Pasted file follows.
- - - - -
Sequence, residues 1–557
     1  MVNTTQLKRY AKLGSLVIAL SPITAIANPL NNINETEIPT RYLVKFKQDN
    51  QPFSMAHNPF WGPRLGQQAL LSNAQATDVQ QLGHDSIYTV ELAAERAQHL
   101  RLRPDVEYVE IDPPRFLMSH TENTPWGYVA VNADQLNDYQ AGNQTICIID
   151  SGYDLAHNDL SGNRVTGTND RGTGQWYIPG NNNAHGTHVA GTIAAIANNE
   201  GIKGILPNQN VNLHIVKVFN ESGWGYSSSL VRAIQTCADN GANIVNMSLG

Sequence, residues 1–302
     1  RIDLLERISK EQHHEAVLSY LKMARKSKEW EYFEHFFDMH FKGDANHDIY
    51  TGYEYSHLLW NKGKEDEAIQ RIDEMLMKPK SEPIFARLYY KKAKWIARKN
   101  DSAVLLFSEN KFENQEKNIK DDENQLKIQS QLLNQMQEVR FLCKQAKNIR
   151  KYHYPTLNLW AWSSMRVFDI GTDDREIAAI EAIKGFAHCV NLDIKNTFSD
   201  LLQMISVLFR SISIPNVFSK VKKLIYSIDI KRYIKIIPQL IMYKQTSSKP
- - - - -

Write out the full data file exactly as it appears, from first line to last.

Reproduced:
Sequence, residues 1–557
     1  MVNTTQLKRY AKLGSLVIAL SPITAIANPL NNINETEIPT RYLVKFKQDN
    51  QPFSMAHNPF WGPRLGQQAL LSNAQATDVQ QLGHDSIYTV ELAAERAQHL
   101  RLRPDVEYVE IDPPRFLMSH TENTPWGYVA VNADQLNDYQ AGNQTICIID
   151  SGYDLAHNDL SGNRVTGTND RGTGQWYIPG NNNAHGTHVA GTIAAIANNE
   201  GIKGILPNQN VNLHIVKVFN ESGWGYSSSL VRAIQTCADN GANIVNMSLG

Sequence, residues 1–302
     1  RIDLLERISK EQHHEAVLSY LKMARKSKEW EYFEHFFDMH FKGDANHDIY
    51  TGYEYSHLLW NKGKEDEAIQ RIDEMLMKPK SEPIFARLYY KKAKWIARKN
   101  DSAVLLFSEN KFENQEKNIK DDENQLKIQS QLLNQMQEVR FLCKQAKNIR
   151  KYHYPTLNLW AWSSMRVFDI GTDDREIAAI EAIKGFAHCV NLDIKNTFSD
   201  LLQMISVLFR SISIPNVFSK VKKLIYSIDI KRYIKIIPQL IMYKQTSSKP